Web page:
Thirty-Second Sunday in Ordinary Time
The Book of Wisdom supplies the first reading for this weekend. The title of the book itself teaches a lesson.
As centuries passed, foreign influences virtually overwhelmed the Holy Land. Times perennially were hard. Understandably, many Jews left their ancestral homeland in search of better lives. They emigrated, but went to places where paganism prevailed.
In these new places, devoted Jews found themselves required to explain and defend their ancient belief in the one God of Israel.
This book, among others, arose from this process. The title simply makes the point that acceptance of the God of Israel is the wise choice, a logical choice, not a leap into fantasy.
An interesting literary technique in this book is that wisdom is personified. Wisdom is described as if this human attribute were a person, moving through the world, being available to humans.
The First Epistle to the Thessalonians provides the second reading. This epistle was sent long ago to the Christian community in Thessalonica, now the city of Saloniki in modern Greece. The presence of Christians in Thessalonica at that time shows that already the church had moved beyond its geographic origins and was becoming a factor in Europe, not only in Asia.
Paul makes several important theological points in this reading. First, he expressed the Christian thought that life endures after earthly death. Such a concept was not Hebrew in origin, at least not in its purest, and more intellectually developed, origins. It was an idea in Greek philosophy, but Christian thought contributed to this idea by insisting that eternal life was intimately connected with the reality of an individual person’s acceptance or rejection of God during the person’s earthly existence.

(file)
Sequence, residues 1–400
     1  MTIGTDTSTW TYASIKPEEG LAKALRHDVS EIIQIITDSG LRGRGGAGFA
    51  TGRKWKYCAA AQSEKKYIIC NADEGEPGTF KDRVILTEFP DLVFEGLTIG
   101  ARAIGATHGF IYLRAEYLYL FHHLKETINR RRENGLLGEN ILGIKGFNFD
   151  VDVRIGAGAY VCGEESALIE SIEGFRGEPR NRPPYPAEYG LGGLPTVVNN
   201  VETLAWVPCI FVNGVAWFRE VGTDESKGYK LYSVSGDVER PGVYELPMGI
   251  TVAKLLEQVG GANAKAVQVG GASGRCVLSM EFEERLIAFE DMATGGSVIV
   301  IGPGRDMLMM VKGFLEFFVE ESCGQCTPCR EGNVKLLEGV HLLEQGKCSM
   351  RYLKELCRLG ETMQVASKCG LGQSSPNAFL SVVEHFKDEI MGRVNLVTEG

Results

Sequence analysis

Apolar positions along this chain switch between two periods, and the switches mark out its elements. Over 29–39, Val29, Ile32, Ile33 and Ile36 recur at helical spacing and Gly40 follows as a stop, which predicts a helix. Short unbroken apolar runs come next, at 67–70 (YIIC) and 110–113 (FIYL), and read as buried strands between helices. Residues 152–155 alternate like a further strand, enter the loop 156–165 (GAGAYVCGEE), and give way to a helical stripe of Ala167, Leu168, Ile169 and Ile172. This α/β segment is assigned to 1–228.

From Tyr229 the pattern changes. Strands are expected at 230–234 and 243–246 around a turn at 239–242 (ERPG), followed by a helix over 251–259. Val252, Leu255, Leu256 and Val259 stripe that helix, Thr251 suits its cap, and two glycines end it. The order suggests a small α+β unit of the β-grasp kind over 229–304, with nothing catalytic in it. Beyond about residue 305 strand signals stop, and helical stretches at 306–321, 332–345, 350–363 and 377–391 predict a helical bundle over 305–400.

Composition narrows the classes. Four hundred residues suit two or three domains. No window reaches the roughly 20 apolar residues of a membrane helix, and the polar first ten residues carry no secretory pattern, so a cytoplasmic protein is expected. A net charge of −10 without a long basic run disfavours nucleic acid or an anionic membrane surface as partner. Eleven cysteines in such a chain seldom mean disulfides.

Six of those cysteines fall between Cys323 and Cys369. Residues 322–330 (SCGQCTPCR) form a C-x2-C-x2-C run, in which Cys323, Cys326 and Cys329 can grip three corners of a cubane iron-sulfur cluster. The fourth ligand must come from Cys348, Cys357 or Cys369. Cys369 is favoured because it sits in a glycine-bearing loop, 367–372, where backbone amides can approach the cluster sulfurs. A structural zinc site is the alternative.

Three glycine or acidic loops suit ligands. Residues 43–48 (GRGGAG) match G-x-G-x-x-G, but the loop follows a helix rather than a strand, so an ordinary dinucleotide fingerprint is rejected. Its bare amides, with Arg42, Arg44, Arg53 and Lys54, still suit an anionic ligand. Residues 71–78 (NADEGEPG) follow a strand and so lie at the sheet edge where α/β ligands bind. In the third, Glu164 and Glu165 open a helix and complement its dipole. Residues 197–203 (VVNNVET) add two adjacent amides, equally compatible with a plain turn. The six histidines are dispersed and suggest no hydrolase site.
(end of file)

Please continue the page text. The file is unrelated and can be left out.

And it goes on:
Second, Paul drew the link between Christ and each Christian. He favored no theme more. It was fundamental. Christ lives forever. He overcame death. He rose. So, Christians who earnestly accept the Lord must die to share in this victory over death. In this bond, they are destined to live forever.
St. Matthew’s Gospel is the source of the third reading. It is the familiar parable of the bridegroom and the foolish and wise virgins.
Some commentators raise an interesting suggestion. Maybe the virgins, wise or otherwise, were actually symbols of disciples. (While not Apostles according to any learned reading, women nonetheless were among the Lord’s disciples.) Also, Jesus, of course, extolled virginity among followers.
Early Christians impatiently awaited the coming of Jesus. When Jesus came in glory, persecuted Christians would be vindicated. Threatened in so many ways, frightened, they yearned for the second coming.
The parable teaches that indeed Christ will come again. Present times are passing. Eventually, hopefully soon, the risen Lord will return in triumph, majesty and justice. Jesus will reign over all.
It is never too late for any sinner to repent. Millions of people have turned from sin to virtue in the last moments of earthly life. The church is always prepared to aid in such conversions. It lavishly allows priests to absolve a person from almost anything at the hour of their death.
Still, living separated from God, waiting for some wonderful, last-minute spiritual re-birth, is no way to go. So, the church, through Matthew, tells us this weekend to be prepared for whatever awaits us — that which we cannot predict. Live each day as a disciple. Be with Christ now, not just at the last minute.
Life for us can be daunting. Paul is clear: Hardships, disappointments, hurts and limitations will cease if we are faithful to Jesus. The weary toils and pains of earthly life will be overwhelmed by the glory of heaven.
Being with God alone is worthwhile. It alone makes life worth living. Death need not be an inevitable crisis, but a culmination of holy living.
The best news. Delivered to your inbox.
Subscribe to our mailing list today.